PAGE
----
FCC changes its mind on net neutrality again

The US FCC appears to have had an epiphany on net neutrality and worked out that it is probably not a good idea to back the telcos as they kill off the internet.

The watchdog has previously said that there is nothing wrong with the telcos creating a two-tiered internet and that it would not create any rules which would force them to do otherwise.

Now, according to the Wall Street Journal, it seems that the FCC was a little shocked to discover that the great unwashed wanted their watchdog to protect them and not the telcos.

The head of the Federal Communications Commission, Tom Wheeler, is revising a proposal to regulate broadband internet. The WSJ says the changed report will offer “assurances that the agency won’t allow companies to segregate Web traffic into fast and slow lanes,” but may not appease the huge number of people who feel the FCC’s plans will allow internet service providers to dictate consumer web usage.

The revised proposal would stop large internet providers such as Comcast from brokering deals with content companies on special terms, and would seek comment on whether “paid prioritisation” which is PR speak for when broadband providers slow access to nonpaying companies’ sites and services  should be banned.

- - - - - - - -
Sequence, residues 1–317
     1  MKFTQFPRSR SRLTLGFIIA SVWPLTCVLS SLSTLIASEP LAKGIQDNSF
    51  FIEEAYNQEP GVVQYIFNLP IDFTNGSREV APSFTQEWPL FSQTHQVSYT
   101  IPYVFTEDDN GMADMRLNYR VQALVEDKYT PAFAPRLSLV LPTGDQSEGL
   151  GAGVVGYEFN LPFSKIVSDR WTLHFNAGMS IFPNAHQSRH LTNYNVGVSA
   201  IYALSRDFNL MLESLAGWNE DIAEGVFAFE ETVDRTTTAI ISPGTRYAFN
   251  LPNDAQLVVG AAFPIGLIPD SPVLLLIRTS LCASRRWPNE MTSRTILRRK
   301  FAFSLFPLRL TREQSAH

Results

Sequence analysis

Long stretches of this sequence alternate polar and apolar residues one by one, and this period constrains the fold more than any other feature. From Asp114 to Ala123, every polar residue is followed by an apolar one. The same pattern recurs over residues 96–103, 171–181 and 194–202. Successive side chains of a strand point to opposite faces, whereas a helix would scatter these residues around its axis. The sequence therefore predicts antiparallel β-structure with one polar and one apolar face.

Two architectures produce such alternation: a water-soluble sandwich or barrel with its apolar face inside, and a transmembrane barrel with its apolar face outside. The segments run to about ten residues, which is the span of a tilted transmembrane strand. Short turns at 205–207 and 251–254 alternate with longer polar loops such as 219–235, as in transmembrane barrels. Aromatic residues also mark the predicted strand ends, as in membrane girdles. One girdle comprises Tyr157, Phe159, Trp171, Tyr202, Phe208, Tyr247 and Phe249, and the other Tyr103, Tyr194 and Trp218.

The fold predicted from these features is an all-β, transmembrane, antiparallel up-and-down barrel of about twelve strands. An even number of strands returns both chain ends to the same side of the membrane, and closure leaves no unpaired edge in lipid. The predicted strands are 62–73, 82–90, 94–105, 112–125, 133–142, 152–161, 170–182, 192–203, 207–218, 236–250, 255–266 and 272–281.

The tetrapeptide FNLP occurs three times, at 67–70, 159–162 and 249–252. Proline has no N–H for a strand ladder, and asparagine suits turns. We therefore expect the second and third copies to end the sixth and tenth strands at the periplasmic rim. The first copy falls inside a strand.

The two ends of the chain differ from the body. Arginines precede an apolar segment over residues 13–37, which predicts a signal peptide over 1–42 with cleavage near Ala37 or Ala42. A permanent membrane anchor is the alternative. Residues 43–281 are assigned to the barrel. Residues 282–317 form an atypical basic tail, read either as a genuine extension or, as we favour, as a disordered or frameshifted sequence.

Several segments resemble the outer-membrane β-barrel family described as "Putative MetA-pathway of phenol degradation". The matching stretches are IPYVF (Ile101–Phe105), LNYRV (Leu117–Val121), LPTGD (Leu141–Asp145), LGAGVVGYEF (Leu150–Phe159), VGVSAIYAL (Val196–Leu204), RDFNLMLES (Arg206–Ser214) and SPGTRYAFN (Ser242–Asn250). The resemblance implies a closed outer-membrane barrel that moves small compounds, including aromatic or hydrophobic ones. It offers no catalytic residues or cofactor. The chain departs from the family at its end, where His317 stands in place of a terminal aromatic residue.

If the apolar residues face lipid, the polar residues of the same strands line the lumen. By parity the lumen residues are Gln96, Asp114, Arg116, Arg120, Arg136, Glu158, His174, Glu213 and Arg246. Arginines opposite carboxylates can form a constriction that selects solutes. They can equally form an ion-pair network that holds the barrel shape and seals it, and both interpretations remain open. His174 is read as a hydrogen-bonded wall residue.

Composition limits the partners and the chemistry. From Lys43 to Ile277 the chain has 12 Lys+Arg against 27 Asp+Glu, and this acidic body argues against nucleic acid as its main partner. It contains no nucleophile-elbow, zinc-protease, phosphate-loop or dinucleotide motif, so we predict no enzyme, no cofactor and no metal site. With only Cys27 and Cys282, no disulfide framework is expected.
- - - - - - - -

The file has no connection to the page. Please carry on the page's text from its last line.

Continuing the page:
Also added to the draft proposal is new language designed to protect companies that require internet access, and a new ombudsman position who will advocate on behalf of start-ups in disputes, with “significant enforcement authority.”

Wheeler’s initial plans to surrender the Internet to the telcos and offer an internet “fast lane” for bloated internet providers, was blasted by some of the United States’ biggest investors, technology companies, senators, and even Wheeler’s own mates at the FCC.  The great unwashed claimed that he was a tool for cable companies that he used to lobby for.

One FCC official reportedly described the situation as “a debacle,” saying “we may not agree on the course, but we agree the road we are on is to disaster.” Certainly, if the proposal isn’t altered sufficiently ahead of its official review later this week the open Internet will be destroyed in the Land of the Fee.